Friday, June 20, 2014

Russia and Saudi Arabia to Meet and Talk

Russia has called for a war on the US dollar this week. Now Russian Foreign Minister Sergei Lavrov will be meeting with Saudi Arabia to "discuss the situation in Syria and Iraq."

The world is a chess board and moves are being made all over it. Russia and China are reaching out to the Middle East in places where the US has had the most influence in the past.

Of course the petrodollar which bases oil trading on the US dollar is an agreement that has been in place for decades now between Saudi Arabia and the US. Will Russia and the Saudi's be discussing that? Here are some quotes from the article:

"During the forthcoming meetings, they plan to discuss the situation in Syria and around it, the state of affairs in Iraq, matters of ensuring security in the Gulf, as well as topical aspects of Russian-Saudi interaction, including a political dialogue and cooperation in the trade-and-economic sphere," the official added."

"The two countries also develop economic cooperation, including in the energy sphere."

We have identified a number of sign posts to watch that can signal that the US dollar dominated system is reaching an end. The Mike Maloney presentation we posted here earlier this week does an outstanding job of creating a visual graph to show how this system is nearing the end of its life cycle. 

Some of the key signposts are:

- the US dollar index which we keep a chart of on the upper right side of this blog. If we see this index take a sharp dive that will be a key indicator

- the bypassing of the US dollar in trade agreements and commerce around the world. This has been steadily ramping up everywhere led by Russia and China who clearly want an alternative to the US dollar. As demand for dollars drops and the supply keeps increasing, the value of those dollars will continue to drop. This especially includes any announcement by the Saudi's that they will sell oil in any currency (not just in US dollars) which would kill the petrodollar.

-the gold and silver markets. We don't discuss them much here, but they are a key sign post for change. We can expect both gold and silver to move much higher when the US dollar system ends (for sure in terms of their price in US dollars). Depending on how the system changes gold may re enter the monetary system in a new and more modern way. We think it will.

-the loss of general prestige of the United States around the world. When a country loses status it is often reflected in the value of its currency.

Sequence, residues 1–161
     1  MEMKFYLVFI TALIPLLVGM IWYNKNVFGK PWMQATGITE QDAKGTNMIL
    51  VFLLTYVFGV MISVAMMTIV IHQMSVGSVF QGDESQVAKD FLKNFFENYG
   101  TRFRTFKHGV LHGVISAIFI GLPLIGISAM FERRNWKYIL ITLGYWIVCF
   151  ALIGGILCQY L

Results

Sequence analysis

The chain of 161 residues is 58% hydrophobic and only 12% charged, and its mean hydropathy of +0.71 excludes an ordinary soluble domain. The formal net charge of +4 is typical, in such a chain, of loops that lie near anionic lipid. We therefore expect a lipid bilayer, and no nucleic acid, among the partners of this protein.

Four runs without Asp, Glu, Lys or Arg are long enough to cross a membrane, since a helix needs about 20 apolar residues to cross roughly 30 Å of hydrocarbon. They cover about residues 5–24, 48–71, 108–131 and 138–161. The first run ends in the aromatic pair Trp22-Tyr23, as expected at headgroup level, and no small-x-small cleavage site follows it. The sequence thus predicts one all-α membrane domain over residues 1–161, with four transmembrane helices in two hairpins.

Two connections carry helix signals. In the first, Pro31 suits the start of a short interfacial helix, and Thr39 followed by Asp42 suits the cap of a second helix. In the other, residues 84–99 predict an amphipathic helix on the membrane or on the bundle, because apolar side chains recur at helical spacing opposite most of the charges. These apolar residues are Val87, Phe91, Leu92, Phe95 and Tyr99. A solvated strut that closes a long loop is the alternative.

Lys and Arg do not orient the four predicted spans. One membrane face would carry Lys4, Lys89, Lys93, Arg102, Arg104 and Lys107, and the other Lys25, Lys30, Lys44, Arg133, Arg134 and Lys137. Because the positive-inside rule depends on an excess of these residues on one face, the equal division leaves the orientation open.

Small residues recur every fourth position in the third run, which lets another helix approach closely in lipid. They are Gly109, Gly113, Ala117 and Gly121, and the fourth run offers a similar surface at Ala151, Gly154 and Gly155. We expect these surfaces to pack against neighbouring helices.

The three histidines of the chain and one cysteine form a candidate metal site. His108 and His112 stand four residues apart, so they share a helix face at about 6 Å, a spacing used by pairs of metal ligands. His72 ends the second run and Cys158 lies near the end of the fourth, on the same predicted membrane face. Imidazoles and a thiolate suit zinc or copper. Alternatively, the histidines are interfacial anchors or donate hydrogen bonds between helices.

The premise of this blog is that the above trends will lead to major monetary system change. This change will involve the US dollar losing its status as sole global reserve currency. What comes next is less certain and what we are trying to follow here. It could be a global reserve currency issued at the IMF (the SDR). It could be that the yuan and ruble will step up to become competing currencies and the world becomes more regional. It could be that the world becomes more regional first and the consolidates after that on a global basis. It could happen over years on a steady pace or rapidly under crisis conditions.

It seems pretty sure that gold will become important again in terms of backing to reserve currencies so that the pubic will have confidence in them. Not a gold standard as used to exist in the US (where you could exchange your paper dollars for actual gold coins at the bank). Gold is still the backbone of the backing for money even though not used in everyday transactions or as legal tender. Central banks gold huge amounts of gold as key reserve assets. 

The IMF owns nearly 3,000 tons of gold. Central bankers understand that gold stored back in the vaults is important to the global monetary system even though many don't encourage citizens to own it. Here is what the IMF says about its gold:

"Gold played a central role in the international monetary system until the collapse of the Bretton Woods system of fixed exchange rates in 1973. Since then, its role has diminished. But it remains an important asset in the reserve holdings of several countries, and the IMF is still one of the world’s largest official holders of gold. "

The Russian and Chinese Central Banks are massively increasing their gold reserves. Middle Eastern countries and other Asian countries are as well. India is a big buyer. 

Don't let anyone kid you that gold is meaningless or that Central Banks think it is useless.

It can be used in a variety of ways to restore confidence in currencies and we think it will play a part in whatever "reset" is eventually done. New technologies may emerge that allow gold (and other assets) to be used in a more modern way to connect regular citizens and Central Banks.

So gold is another key signpost to keep an eye on. We will try to watch them all here.

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